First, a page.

ICCPR Case Digest




Submission: 2013.11.15

View Adopted: 2021.10.26

M. Adamovich v. Belarus

Violation of Belarus opposition leader Mikalai Statkevich’s rights following his detention, torture and trial after the 2010 elections

Substantive Issues
  • Torture / ill-treatment
Relevant Articles
  • Article 10
  • Article 14.1
  • Article 14.2
  • Article 14.3 (b)
  • Article 14.3 (e)
  • Article 14.3 (g)
  • Article 14.5
  • Article 17
  • Article 19.1
  • Article 19.2
  • Article 2
  • Article 2 - OP1
  • Article 21
  • Article 22
  • Article 25
  • Article 7
  • Article 9
Full Text


The author is a national of Belarus who claims that her husband, also a national of Belarus, is a victim of violation by the State party of his rights under articles 2, 7, 9, 10, 14 (1), (2), (3) (b), (d), (e) and (g) and (5), 17, 19 (1) and (2), 21, 22 and 25 of the Covenant. The victim, Mikalai Statkevich, is the Chairman of the Belarusian Social Democratic Party, a former presidential candidate in Belarus and the founder of the Belarusian Union of Military Officers. Mr. Statkevich’s daughter filed a petition with the Working Group on Arbitrary Detention, which concluded that Belarus had breached Mr. Statkevich’s rights, but the State party did not release him.

Mr. Statkevich was the candidate for the Social Democratic Party’s opposition party in the 2010 presidential election. Throughout his campaign, he was harassed by the security forces, which seized his campaign materials and recorded his telephone conversations. On the day of the elections, supporters of the opposition gathered in Minsk to denounce massive irregularities. Towards the end of the demonstration, a small group of protesters started breaking the windows of the House of Government and law enforcement agents attacked the peaceful demonstrators. Mr. Statkevich was apprehended and beaten by unknown persons and transferred to an unknown location. He was not informed of the charges against him, and neither was his case brought before a judge to assess whether he should remain in custody. During his pretrial detention, Mr. Statkevich was subjected to torture and cruel, inhuman and degrading treatment. In 2011, during Mr. Statkevich’s trial in Minsk, he and  his co-defendants were kept handcuffed in a cage at all times. The evidence he presented was disregarded and the credibility of his arguments and explanations was consistently questioned and rejected by the court. The court found Mr. Statkevich guilty of having organized a mass riot involving violence and destruction of property and sentenced him to six years of imprisonment. Mr. Statkevich appealed his conviction in cassation proceedings, through the supervisory review procedure, and to the penitentiary authorities, but all were rejected.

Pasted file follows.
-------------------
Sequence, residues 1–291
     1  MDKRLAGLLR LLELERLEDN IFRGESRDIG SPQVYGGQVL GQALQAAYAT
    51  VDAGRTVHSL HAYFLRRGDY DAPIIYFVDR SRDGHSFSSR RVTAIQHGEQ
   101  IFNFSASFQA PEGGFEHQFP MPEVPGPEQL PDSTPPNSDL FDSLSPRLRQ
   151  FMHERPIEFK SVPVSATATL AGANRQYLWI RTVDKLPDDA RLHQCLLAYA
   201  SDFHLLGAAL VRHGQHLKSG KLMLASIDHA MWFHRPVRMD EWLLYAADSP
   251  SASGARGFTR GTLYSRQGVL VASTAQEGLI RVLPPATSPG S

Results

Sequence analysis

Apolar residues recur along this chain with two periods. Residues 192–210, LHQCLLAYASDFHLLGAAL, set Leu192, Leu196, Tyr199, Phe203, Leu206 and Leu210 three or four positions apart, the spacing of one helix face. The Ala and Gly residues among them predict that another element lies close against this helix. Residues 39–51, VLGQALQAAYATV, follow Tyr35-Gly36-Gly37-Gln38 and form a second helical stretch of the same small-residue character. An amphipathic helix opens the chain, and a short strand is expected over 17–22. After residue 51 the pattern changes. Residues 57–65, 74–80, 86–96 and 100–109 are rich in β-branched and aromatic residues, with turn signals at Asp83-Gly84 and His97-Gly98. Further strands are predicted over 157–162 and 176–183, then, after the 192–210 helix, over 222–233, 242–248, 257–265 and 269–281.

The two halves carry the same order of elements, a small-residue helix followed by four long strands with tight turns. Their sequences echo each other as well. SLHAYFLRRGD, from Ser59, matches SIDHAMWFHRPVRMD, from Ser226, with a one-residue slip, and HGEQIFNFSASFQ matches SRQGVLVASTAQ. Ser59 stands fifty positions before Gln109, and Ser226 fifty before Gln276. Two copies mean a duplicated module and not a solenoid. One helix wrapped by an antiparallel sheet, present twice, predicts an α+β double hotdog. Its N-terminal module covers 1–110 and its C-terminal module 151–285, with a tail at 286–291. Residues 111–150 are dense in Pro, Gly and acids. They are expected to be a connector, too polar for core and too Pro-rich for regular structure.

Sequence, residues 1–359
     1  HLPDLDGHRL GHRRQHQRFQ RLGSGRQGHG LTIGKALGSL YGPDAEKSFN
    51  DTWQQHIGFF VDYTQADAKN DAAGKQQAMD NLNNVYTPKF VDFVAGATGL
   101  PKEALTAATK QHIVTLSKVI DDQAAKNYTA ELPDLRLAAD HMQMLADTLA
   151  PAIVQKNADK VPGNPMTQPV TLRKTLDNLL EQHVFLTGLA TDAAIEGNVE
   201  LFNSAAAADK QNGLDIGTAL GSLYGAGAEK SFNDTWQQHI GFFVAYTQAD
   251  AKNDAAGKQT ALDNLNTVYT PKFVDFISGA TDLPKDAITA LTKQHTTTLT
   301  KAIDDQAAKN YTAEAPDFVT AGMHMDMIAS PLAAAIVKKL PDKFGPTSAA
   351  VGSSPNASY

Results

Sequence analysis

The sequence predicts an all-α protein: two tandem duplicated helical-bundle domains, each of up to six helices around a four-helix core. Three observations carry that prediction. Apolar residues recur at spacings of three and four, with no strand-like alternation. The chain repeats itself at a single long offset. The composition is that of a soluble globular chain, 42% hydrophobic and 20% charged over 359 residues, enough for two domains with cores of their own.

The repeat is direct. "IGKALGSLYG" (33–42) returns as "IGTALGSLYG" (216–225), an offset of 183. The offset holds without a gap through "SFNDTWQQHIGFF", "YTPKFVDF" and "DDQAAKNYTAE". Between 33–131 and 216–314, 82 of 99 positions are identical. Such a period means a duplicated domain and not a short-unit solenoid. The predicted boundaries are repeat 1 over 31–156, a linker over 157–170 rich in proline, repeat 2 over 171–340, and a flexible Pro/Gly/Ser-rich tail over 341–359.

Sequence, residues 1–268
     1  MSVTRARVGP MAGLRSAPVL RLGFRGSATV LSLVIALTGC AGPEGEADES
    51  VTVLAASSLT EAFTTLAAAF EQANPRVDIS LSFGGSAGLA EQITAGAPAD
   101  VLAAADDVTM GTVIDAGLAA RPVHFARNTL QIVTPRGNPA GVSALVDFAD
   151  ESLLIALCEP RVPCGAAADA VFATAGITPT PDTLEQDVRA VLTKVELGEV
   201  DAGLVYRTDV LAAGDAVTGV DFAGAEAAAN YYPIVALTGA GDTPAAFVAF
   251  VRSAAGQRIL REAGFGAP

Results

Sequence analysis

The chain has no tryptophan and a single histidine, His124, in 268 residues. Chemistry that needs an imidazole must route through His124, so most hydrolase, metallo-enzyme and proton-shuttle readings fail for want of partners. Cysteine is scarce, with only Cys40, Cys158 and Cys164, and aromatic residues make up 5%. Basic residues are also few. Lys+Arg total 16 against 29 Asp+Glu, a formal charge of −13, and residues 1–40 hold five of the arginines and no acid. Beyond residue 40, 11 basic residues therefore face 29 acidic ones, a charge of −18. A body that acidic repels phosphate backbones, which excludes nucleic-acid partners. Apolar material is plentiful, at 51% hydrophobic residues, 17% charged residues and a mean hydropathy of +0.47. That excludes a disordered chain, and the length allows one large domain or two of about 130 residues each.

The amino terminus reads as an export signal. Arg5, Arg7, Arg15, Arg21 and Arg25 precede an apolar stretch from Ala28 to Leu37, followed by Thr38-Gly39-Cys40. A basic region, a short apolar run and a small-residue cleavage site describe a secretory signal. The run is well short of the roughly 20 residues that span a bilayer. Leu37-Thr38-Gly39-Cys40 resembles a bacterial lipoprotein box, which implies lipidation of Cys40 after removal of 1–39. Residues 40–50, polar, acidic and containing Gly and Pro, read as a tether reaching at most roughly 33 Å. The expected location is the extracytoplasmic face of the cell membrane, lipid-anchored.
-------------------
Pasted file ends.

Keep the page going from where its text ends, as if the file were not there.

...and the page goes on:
The State party challenged the admissibility of the communication, claiming that there was no power of attorney for the author, the wife of Mr. Statkevich, given that at the time of submission nothing prevented the victim from communicating with the Committee himself and that the American-based organization and law firm that represented the victim were not under the jurisdiction of Belarus. The Committee noted that it has been the long-standing practice of the Committee to allow relatives to bring proceedings for alleged victims who have died, disappeared or been prevented from bringing a communication or designating a representative. It also notes that the alleged victim was detained at the time of submission of the communication, and considers that the author is justified by reason of close family connection in acting on behalf of Mr. Statkevich. The Committee also states that none of the provisions of the Optional Protocol or the rules of procedure prohibit representation by a foreign legal entity. Thus, the Committee considers that the author has sufficiently substantiated the remaining claims under articles 7, 9, 10, 14 (1), (2) and (3) (b), (d), (e) and (g), 17, 19 (1) and (2), 21 and 25 of the Covenant for the purposes of admissibility, but concluded that the part of the communication regarding article 2, 14(5), and 22 of the Covenant was inadmissible under article 2 of the Optional Protocol.